He played the best by far out of the bench players. He should have played more but the little league rotations that Tom Thibodeau used in the series blocking time for Carlos Boozer and Gibson hurt both players, but especially Gibson. I’m a strong believer that if someone is playing well, you have to keep riding the hot streak. In Game four, Gibson cemented his starting spot next season going for 32 points, a career high on an obscene 13-16 from the floor. Let’s be clear, Taj Gibson was the only one that played well. If he didn’t explode the Bulls would have been beat by 40 points that day. When he turned his ankle and got carried off in the final game of the series, any chance of winning was carried off with him.

Tony Snell

Why? That is the only question linked to Snell…Why? Tony Snell had no business playing in this series. He was in over his head. Look when he fouled John Wall 60 feet from the basket and gave up three free throws. That should tell you something.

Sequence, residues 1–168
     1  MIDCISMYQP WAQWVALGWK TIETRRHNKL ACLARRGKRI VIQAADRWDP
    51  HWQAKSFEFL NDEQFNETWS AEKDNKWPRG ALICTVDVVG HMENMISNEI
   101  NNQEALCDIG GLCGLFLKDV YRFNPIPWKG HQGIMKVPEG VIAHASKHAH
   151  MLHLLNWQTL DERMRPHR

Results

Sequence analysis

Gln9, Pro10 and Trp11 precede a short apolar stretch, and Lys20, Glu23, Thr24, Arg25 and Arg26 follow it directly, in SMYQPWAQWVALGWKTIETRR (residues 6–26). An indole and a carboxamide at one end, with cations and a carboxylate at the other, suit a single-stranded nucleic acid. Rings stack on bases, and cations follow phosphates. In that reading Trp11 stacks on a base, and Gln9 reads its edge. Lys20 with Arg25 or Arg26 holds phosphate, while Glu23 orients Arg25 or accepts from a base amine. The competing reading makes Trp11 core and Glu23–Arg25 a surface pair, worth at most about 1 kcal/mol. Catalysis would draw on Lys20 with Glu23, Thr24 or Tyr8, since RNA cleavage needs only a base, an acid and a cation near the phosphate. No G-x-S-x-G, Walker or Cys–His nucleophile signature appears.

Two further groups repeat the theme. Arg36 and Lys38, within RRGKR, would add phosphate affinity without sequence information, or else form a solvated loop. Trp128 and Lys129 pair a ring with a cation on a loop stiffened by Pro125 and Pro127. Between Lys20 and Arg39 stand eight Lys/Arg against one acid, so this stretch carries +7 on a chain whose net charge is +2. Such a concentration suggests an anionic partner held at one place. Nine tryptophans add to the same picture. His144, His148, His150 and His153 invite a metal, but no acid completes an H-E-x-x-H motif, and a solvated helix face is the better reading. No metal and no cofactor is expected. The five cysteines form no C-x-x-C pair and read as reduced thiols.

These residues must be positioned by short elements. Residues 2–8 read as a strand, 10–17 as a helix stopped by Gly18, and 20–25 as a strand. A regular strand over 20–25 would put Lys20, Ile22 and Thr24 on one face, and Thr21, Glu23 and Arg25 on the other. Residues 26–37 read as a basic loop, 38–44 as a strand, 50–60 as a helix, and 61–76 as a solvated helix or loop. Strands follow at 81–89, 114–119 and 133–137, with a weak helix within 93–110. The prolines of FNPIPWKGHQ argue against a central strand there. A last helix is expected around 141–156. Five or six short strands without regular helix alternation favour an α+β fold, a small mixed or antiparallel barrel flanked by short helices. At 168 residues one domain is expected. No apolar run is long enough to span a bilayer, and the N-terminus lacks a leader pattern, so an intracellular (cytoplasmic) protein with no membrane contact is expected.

Nazr Mohammed

He tried to guard Nene in Game one. In two minutes Nazr had three fouls. In Game two, he missed a shot. In total for the series if he scored a point it would have been his first.

Mike James, Lou Amundson, Ronnie Brewer, Jimmer Fredette aka “The Chairmen of the Bench”

Let me put it this way…

‘Oh we are the Chairmen’

‘We want to join the show’

‘Thibs don’t like us’

‘Now the Bulls have to gooooooo!’

It is very difficult to win games with only seven players. Especially when the Wizards were ten deep. I was very  critical of Tom Thibodeau with the rotations of his squad. The Bulls struggled to score. Jimmer Fredette scored 17 points in his last game he played. I really mean that. It was the last game that he played. Ronnie Brewer would have been better served to play Snell’s minutes. We now know that Joakim Noah’s knee was injured throughout the series. Why not use Amundson? I’m not saying that these guys would have done much in this series. But at least try something.

Round three: Washington Wizards